There are two forms of pancreatitis: acute and chronic pancreatitis, both of which can progress to pancreatic cancer48. About 20 % of acute pancreatitis will progress into chronic pancreatitis49,50. Therefore, in order to demonstrate the effect of the type of alcoholic pancreatitis on the association between CYP2E1 RsaI/PstI polymorphism and alcoholic pancreatitis, we performed subgroup analysis regarding the type of alcoholic pancreatitis. The results showed that CYP2E1 RsaI/PstI polymorphism significantly increased the risk of CAP, but not AAP, although this may also be due to the small number of studies concerning AAP.
There was no significant degree of linkage disequilibrium between CYP2E1 RsaI/PstI and DraI in normal controls and alcoholic subjects51. In the present meta-analysis, two models, the dominant and allelic contrast models, were analyzed to measure the impact of CYP2E1 RsaI/PstI and DraI polymorphisms on alcoholic pancreatitis susceptibility. Interaction of race with CYP2E1 RsaI/PstI polymorphism may significantly influence alcoholic pancreatitis risk in dominant and allelic contrast models, but not in the homozygote comparison model (c2c2 vs c1c1, data not shown). The results may be due to the rare frequency of c2c2 homozygote in individuals with alcoholic pancreatitis, healthy alcoholics, or healthy controls. Thus, further investigation with large sample sizes is needed to investigate the role of CYP2E1 polymorphism on the susceptibility of alcoholic pancreatitis.
Some possible limitations of this meta-analysis include race, age, sex, occupation, smoking history, and so on. However, we only performed subgroup analysis on ethnicity and the type of alcoholic pancreatitis; subgroup analyses on other risk factors could not be performed due to the limited information of the included studies. Secondly, this meta-analysis only included in published articles; thus, publication bias may exist. Thirdly, only 11 studies were included in our meta-analysis, ten for RsaI/PstI polymorphism and four for DraI polymorphism. Although subgroup analysis for RsaI/PstI polymorphism was performed, there were only four articles for the Asian group, and six for the non-Asian group. Therefore, large sample, preferable studies were needed to demonstrate the results.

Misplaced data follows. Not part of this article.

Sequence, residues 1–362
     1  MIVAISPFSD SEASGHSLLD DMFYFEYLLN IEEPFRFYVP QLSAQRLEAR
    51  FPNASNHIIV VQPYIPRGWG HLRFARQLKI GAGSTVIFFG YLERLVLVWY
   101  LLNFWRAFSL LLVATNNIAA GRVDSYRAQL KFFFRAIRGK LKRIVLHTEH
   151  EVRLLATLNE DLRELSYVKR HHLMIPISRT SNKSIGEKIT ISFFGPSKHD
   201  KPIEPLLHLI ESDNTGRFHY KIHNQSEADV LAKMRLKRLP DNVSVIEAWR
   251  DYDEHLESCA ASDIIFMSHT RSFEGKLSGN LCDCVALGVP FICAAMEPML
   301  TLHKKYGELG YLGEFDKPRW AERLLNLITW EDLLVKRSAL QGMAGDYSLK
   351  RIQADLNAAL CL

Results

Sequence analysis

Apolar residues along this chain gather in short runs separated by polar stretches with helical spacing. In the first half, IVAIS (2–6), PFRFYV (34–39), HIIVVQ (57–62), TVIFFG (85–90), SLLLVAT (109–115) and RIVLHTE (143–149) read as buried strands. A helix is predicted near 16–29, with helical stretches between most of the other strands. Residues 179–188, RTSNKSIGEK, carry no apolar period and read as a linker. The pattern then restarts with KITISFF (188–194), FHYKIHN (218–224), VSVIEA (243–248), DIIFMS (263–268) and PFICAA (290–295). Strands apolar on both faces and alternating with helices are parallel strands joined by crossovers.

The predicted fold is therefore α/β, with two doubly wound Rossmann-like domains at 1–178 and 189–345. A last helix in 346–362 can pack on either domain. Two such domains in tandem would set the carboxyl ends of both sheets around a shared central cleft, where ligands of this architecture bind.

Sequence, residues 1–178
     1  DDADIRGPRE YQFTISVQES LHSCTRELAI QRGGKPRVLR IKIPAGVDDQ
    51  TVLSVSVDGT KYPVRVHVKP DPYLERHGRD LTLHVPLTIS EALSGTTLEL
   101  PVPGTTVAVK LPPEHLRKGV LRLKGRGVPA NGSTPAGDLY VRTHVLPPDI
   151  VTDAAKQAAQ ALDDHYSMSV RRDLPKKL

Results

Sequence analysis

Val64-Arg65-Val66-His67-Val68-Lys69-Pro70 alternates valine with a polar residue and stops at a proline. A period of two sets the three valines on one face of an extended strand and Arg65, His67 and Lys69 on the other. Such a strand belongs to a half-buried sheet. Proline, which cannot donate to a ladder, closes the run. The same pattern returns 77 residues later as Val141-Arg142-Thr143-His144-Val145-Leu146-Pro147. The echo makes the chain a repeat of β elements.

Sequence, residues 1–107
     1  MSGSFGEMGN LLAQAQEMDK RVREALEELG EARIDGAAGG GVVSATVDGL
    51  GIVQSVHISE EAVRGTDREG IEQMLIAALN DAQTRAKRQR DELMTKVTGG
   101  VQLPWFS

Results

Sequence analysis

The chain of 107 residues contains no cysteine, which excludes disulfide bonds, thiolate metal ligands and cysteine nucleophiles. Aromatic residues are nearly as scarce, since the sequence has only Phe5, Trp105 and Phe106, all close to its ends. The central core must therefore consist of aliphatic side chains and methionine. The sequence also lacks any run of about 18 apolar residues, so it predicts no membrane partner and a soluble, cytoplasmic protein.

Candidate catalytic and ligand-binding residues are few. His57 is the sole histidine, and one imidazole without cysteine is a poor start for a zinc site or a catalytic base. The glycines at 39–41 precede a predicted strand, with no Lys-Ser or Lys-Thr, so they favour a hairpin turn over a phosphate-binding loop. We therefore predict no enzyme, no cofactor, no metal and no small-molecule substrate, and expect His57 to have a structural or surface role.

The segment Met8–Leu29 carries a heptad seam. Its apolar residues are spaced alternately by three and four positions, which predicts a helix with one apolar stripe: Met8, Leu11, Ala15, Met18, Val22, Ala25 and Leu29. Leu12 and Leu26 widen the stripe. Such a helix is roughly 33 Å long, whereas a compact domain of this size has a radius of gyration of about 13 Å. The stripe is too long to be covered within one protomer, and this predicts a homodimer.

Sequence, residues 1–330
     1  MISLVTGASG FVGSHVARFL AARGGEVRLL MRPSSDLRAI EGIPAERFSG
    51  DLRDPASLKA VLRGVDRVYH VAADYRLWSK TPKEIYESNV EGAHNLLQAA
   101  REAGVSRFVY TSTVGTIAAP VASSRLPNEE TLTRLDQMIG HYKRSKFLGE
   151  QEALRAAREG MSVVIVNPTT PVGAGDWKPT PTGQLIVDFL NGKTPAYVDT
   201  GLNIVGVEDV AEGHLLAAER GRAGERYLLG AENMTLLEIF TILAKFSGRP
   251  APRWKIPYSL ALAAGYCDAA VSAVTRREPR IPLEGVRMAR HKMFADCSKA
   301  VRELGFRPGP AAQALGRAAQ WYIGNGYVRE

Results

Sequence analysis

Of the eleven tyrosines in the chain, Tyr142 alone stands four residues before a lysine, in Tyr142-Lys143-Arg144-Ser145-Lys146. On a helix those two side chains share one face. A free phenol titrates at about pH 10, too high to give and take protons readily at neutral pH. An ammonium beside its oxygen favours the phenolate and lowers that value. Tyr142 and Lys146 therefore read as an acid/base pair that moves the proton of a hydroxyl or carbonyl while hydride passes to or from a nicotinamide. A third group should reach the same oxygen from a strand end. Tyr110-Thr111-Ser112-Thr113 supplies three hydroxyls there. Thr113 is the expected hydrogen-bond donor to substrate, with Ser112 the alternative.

In conclusion, though the overall data failed to suggest the relationship of CYP2E1 RsaI/PstI and DraI polymorphisms with the risk of alcoholic pancreatitis, the variant c2 allele and c2c2+c1c2 genotypes of CYP2E1 RsaI/PstI polymorphism may play a role in the susceptibility of alcoholic pancreatitis within the non-Asian population, as shown by the subgroup analysis. The variant c2 allele and c2c2+c1c2 genotypes of CYP2E1 RsaI/PstI polymorphism may also increase the risk of CAP. Studies with large samples and more specified designs were needed to demonstrate the results of this study more clearly and definitively.
Conflict of Interest
All authors declared that there were no potential conflicts of interest.
This research was supported by the National Natural Science Foundation of China (No. 81701962).